Department of Justice
U.S. Attorney’s Office
District of South Carolina
FOR IMMEDIATE RELEASE
Monday, June 6, 2022
Doc Antle, Owner of Myrtle Beach Safari, and Employee Charged with Federal Money Laundering Crimes
FLORENCE, SOUTH CAROLINA — Bhagavan Mahamayavi Antle a/k/a Doc Antle, 62, and Andrew Jon Sawyer a/k/a Omar Sawyer, 52, both of Myrtle Beach, have been charged in a federal complaint with money laundering crimes involving more than $500,000.
According to the complaint, which was unsealed today in a federal courtroom in Florence, Antle is the owner and operator of The Institute for Greatly Endangered and Rare Species (T.I.G.E.R.S), also known as the Myrtle Beach Safari. The Myrtle Beach Safari is a 50-acre wildlife tropical preserve in Myrtle Beach. Sawyer is Antle’s employee and business associate. The complaint alleges that over the last four months, Antle and Sawyer laundered $505,000 in cash they believed to be the proceeds of an operation to smuggle illegal immigrants across the Mexican border into the United States.
Specifically, according to the complaint, Antle and Sawyer would launder the cash by providing checks from a business controlled by Antle and a business controlled by Sawyer. Those checks falsely claimed they were remitted for construction work being performed at the Myrtle Beach Safari, when in reality the checks were simply a means to allow the recipients to appear to have legitimate income. In exchange, Antle and Sawyer received a 15% fee of any amount laundered.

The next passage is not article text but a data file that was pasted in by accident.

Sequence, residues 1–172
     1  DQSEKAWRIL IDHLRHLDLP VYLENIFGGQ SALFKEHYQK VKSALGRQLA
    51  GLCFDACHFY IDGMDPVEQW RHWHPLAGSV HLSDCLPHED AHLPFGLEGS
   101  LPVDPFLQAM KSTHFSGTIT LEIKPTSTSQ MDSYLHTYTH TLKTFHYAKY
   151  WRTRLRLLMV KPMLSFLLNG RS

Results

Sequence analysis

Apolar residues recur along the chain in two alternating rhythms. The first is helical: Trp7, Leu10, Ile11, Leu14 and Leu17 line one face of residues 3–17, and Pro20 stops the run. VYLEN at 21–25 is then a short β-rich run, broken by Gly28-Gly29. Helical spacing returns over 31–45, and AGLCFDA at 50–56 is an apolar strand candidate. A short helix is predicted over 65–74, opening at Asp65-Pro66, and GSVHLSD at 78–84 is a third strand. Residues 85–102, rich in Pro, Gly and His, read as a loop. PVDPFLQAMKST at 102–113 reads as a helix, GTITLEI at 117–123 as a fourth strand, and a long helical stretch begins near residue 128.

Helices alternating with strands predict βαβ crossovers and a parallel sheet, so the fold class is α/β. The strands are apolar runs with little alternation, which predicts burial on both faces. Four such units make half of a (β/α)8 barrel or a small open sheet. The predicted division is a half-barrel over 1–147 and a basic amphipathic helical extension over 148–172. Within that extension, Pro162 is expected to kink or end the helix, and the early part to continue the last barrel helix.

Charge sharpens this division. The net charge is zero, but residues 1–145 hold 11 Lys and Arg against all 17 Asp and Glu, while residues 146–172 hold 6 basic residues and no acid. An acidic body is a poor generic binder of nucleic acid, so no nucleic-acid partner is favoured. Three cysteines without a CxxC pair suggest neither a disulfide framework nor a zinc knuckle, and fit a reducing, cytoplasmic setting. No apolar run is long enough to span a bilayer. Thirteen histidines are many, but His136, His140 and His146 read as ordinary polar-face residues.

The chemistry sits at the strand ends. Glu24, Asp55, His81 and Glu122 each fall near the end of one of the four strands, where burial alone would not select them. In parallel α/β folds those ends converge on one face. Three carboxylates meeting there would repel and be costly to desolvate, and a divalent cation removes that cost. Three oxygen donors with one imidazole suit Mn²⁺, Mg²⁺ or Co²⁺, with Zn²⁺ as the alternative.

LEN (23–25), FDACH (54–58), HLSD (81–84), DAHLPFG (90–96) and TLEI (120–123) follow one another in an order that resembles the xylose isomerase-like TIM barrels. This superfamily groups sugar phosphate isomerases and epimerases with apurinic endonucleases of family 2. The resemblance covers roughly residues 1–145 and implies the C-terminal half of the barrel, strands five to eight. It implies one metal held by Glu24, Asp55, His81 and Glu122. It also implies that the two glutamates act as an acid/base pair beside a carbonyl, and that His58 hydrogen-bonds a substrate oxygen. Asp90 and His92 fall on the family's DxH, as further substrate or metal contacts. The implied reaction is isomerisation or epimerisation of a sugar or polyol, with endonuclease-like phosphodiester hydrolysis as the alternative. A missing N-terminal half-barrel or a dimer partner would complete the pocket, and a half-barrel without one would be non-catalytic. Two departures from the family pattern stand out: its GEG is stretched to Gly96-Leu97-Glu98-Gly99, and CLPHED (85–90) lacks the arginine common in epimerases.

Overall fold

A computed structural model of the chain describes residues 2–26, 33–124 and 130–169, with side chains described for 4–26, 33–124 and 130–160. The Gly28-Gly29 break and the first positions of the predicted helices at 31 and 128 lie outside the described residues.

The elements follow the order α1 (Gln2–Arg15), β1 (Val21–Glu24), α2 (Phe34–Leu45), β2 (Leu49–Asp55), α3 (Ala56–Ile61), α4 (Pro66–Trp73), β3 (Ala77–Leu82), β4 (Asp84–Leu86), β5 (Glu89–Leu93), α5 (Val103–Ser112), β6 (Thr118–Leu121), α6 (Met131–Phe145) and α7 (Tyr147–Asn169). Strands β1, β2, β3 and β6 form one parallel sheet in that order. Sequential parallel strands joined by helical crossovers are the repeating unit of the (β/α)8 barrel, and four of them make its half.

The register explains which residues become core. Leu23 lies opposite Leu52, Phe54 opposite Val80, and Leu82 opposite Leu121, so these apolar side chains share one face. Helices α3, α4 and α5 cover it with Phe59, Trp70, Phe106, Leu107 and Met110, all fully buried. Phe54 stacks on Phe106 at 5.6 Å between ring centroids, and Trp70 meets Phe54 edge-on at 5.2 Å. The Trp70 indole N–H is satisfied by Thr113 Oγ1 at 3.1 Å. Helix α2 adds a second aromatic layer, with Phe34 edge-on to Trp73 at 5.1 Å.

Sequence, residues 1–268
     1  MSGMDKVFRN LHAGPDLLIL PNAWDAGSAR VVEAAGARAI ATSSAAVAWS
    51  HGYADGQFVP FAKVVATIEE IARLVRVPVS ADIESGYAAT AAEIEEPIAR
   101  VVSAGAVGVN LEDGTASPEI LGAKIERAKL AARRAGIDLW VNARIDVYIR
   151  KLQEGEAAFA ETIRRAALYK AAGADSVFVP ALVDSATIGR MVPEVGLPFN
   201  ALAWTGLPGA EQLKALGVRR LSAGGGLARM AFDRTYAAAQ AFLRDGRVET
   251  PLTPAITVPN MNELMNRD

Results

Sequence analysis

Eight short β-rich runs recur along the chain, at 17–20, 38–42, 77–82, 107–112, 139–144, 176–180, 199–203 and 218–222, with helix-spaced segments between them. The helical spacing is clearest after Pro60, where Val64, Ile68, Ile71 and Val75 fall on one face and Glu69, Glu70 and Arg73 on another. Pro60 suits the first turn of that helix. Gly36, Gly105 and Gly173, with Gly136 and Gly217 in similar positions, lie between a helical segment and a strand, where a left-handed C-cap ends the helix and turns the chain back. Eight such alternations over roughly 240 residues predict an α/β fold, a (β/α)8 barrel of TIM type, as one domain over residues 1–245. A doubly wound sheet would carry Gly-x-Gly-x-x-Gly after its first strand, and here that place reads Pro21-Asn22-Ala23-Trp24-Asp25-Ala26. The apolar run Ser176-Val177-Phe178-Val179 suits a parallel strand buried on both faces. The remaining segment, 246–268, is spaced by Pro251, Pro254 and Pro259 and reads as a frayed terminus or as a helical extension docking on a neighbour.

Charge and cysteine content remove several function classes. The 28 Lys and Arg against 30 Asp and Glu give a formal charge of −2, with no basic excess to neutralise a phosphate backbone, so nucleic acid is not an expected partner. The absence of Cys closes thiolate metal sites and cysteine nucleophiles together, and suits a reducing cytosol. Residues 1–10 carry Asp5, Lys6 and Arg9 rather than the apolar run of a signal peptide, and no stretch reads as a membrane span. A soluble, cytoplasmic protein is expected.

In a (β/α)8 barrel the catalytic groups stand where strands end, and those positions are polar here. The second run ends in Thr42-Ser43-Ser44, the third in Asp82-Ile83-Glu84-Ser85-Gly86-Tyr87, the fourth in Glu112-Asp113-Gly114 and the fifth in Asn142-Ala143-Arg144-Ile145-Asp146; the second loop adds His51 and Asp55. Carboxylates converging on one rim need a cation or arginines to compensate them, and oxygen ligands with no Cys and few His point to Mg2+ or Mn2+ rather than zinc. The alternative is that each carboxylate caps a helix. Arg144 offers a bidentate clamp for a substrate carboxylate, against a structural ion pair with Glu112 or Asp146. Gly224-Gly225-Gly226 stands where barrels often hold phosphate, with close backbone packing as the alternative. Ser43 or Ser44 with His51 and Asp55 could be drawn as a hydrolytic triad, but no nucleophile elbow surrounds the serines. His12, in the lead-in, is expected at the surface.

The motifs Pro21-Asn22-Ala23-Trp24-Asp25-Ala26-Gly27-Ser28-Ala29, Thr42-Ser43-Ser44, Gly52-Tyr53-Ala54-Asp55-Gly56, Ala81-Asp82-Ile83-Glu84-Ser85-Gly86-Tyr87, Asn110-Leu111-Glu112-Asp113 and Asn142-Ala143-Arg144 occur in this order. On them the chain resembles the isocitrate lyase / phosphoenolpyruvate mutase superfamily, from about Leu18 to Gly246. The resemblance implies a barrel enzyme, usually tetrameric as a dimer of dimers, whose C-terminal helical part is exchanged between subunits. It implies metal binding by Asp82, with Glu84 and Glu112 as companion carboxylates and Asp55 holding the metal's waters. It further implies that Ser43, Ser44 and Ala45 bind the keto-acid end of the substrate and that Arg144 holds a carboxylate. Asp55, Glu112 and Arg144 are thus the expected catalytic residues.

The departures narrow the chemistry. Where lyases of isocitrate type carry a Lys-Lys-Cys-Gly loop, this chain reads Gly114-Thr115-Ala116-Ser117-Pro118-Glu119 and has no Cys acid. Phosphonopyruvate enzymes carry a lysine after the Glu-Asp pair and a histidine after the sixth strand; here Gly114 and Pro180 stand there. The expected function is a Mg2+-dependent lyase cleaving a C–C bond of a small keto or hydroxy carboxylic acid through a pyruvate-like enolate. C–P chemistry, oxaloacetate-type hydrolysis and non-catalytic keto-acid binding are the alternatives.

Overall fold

The complaint alleges that Antle discussed his plan to conceal the cash he received by inflating tourist numbers at the Myrtle Beach Safari, and that in the past he had used bulk cash receipts to purchase animals for which he could not use checks.
Antle and Sawyer each face a maximum of 20 years in federal prison for the charges in the complaint, and they are currently detained.
The case was investigated by the Federal Bureau of Investigation (FBI). Assistant U.S. Attorneys Derek A. Shoemake and Amy Bower are prosecuting the case.
U.S. Attorney Corey F. Ellis stated that all charges in the indictment are merely accusations and that the defendants are presumed innocent unless and until proven guilty.